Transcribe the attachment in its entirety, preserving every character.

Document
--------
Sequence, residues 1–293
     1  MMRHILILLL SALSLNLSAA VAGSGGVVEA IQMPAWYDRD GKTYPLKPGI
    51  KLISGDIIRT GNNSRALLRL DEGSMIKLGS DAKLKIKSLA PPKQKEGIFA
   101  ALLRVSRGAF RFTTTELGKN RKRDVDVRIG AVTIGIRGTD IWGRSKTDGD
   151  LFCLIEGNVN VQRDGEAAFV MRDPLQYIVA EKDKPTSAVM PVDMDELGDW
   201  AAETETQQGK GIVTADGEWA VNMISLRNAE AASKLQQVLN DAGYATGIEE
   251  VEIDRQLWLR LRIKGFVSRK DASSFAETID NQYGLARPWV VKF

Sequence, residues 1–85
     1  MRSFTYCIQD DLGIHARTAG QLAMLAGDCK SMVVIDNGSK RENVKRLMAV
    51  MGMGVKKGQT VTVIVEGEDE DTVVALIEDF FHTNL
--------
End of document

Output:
Sequence, residues 1–293
     1  MMRHILILLL SALSLNLSAA VAGSGGVVEA IQMPAWYDRD GKTYPLKPGI
    51  KLISGDIIRT GNNSRALLRL DEGSMIKLGS DAKLKIKSLA PPKQKEGIFA
   101  ALLRVSRGAF RFTTTELGKN RKRDVDVRIG AVTIGIRGTD IWGRSKTDGD
   151  LFCLIEGNVN VQRDGEAAFV MRDPLQYIVA EKDKPTSAVM PVDMDELGDW
   201  AAETETQQGK GIVTADGEWA VNMISLRNAE AASKLQQVLN DAGYATGIEE
   251  VEIDRQLWLR LRIKGFVSRK DASSFAETID NQYGLARPWV VKF

Sequence, residues 1–85
     1  MRSFTYCIQD DLGIHARTAG QLAMLAGDCK SMVVIDNGSK RENVKRLMAV
    51  MGMGVKKGQT VTVIVEGEDE DTVVALIEDF FHTNL